On the money
Calvin Cowell is a financial expert. He helps people and organisations to understand finance, risk and budgeting through his consultancy and mentoring services. Calvin also recently gave a talk as part of Islington Council’s Black History 365 events programme. Here, he shares his advice for money and debt management
Debt isn’t necessarily a bad thing – many of us have some. The issue is ‘problem debt’, which is when you have more than you can manage, are in arrears, or it’s a heavy burden. That can be caused by life events such as having a baby, accidents, divorce, or changes in household income, or it could be due to a lack of financial knowledge, upbringing or attitude to risk. The groups often most affected by debt are people with disabilities, those in receipt of state support and older people, as they tend to have a fixed income. This means when prices rise, they cannot keep up. Women and ethnic minorities (particularly the African-Caribbean community) are also disproportionately affected.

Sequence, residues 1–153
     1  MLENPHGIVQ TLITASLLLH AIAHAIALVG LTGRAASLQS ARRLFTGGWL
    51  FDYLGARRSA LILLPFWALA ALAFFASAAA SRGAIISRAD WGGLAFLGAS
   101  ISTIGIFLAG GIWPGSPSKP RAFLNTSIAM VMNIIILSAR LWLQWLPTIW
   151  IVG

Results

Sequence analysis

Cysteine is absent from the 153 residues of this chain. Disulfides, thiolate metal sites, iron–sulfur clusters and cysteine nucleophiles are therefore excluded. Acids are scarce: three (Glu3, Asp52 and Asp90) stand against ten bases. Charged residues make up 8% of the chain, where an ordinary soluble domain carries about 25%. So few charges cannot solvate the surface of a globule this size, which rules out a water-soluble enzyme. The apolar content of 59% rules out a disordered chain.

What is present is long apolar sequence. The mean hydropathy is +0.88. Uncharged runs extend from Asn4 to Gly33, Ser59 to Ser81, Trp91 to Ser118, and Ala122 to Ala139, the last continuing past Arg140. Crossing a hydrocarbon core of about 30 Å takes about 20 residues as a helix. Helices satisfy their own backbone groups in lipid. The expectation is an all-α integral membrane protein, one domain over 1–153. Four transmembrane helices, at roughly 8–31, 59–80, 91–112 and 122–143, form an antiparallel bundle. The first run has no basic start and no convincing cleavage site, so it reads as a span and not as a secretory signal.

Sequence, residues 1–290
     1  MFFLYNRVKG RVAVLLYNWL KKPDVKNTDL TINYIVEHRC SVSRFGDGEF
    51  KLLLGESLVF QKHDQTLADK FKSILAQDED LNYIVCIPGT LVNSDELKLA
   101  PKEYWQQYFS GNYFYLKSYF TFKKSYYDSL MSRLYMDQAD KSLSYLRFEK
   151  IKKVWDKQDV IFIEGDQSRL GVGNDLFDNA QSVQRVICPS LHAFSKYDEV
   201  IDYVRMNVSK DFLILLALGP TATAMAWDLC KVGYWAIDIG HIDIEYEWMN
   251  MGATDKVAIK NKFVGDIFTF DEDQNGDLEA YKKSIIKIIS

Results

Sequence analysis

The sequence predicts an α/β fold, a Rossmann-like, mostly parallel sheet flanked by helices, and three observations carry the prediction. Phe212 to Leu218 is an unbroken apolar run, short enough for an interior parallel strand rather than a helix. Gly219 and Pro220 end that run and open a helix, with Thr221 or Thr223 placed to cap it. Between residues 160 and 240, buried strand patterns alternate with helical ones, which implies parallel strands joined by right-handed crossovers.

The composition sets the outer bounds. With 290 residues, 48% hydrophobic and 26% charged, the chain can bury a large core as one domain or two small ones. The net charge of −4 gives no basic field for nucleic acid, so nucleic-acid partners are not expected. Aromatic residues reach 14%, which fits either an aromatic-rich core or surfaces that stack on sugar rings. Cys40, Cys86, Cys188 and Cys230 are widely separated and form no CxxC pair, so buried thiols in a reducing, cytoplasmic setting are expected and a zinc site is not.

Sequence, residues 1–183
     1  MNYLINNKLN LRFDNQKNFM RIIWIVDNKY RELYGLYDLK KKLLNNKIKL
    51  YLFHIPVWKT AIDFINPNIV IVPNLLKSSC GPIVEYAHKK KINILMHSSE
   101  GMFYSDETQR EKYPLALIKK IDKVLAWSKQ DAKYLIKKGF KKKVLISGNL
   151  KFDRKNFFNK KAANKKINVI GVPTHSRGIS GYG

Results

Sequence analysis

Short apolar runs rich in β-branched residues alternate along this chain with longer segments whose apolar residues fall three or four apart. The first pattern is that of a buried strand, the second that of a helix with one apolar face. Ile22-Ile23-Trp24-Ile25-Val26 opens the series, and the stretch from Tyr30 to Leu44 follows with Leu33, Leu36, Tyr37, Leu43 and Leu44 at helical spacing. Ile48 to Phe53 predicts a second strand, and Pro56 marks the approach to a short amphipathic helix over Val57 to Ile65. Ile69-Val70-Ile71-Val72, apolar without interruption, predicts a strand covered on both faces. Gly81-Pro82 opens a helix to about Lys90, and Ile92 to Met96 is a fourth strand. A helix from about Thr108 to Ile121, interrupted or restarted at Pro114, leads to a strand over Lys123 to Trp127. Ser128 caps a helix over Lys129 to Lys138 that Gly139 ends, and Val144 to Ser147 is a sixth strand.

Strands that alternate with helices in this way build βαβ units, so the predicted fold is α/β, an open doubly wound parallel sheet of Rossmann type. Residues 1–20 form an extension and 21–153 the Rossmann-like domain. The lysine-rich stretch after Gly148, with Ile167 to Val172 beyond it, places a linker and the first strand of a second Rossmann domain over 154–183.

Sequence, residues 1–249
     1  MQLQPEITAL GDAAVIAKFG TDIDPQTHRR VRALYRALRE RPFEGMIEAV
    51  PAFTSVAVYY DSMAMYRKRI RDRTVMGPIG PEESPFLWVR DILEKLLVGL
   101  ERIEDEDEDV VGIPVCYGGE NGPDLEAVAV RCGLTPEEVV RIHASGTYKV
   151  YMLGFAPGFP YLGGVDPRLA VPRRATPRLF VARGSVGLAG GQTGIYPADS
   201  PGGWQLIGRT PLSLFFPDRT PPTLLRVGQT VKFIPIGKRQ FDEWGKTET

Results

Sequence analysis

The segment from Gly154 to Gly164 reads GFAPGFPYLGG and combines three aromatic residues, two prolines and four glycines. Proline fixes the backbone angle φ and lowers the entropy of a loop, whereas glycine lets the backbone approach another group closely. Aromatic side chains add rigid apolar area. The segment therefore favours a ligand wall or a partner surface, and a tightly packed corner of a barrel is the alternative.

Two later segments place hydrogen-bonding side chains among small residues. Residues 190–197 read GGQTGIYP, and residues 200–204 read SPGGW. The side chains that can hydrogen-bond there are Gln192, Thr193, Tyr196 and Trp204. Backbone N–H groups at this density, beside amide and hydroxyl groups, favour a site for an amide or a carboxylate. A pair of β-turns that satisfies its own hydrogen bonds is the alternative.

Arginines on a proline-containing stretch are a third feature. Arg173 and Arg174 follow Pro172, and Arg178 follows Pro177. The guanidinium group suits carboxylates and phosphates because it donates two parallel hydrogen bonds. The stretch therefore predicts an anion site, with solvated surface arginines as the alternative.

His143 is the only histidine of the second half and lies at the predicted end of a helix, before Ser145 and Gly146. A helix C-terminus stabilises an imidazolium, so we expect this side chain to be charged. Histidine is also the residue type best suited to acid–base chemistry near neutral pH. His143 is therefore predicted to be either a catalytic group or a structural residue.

The thing I most want people to understand is that it’s important to deal with any problem debt as early as possible – preferably before it becomes an issue. Managing your household budget makes you an accountant by default. It’s not everyone’s cup of tea, even the experts get it wrong! The worst thing you can do is shy away from dealing with it, because it will still be there when you come back to it. Embrace the opportunity to improve, even if you make mistakes along the way. Let creditors know if there’s a problem – after all, they want to get their money back, so it’s in their interests to help.
There are things you can do, too. Start by managing your own finances effectively – a ‘put your own lifejacket on first’ approach. Set goals, budget effectively and seek advice before you get into difficulty. I also think people should take more of an interest in local politics: attend council meetings, vote, visit your MP at their surgery or, if you can, volunteer. This puts power back your hands and gives you a say in the things that matter to you most.
Finally, remember to check in on each other. Often people are embarrassed, ashamed, or fearful of talking about their finances, which can affect their mental health. Being an ear to listen, even if you are not a financial expert, can be invaluable to someone that just needs to know that they are not alone.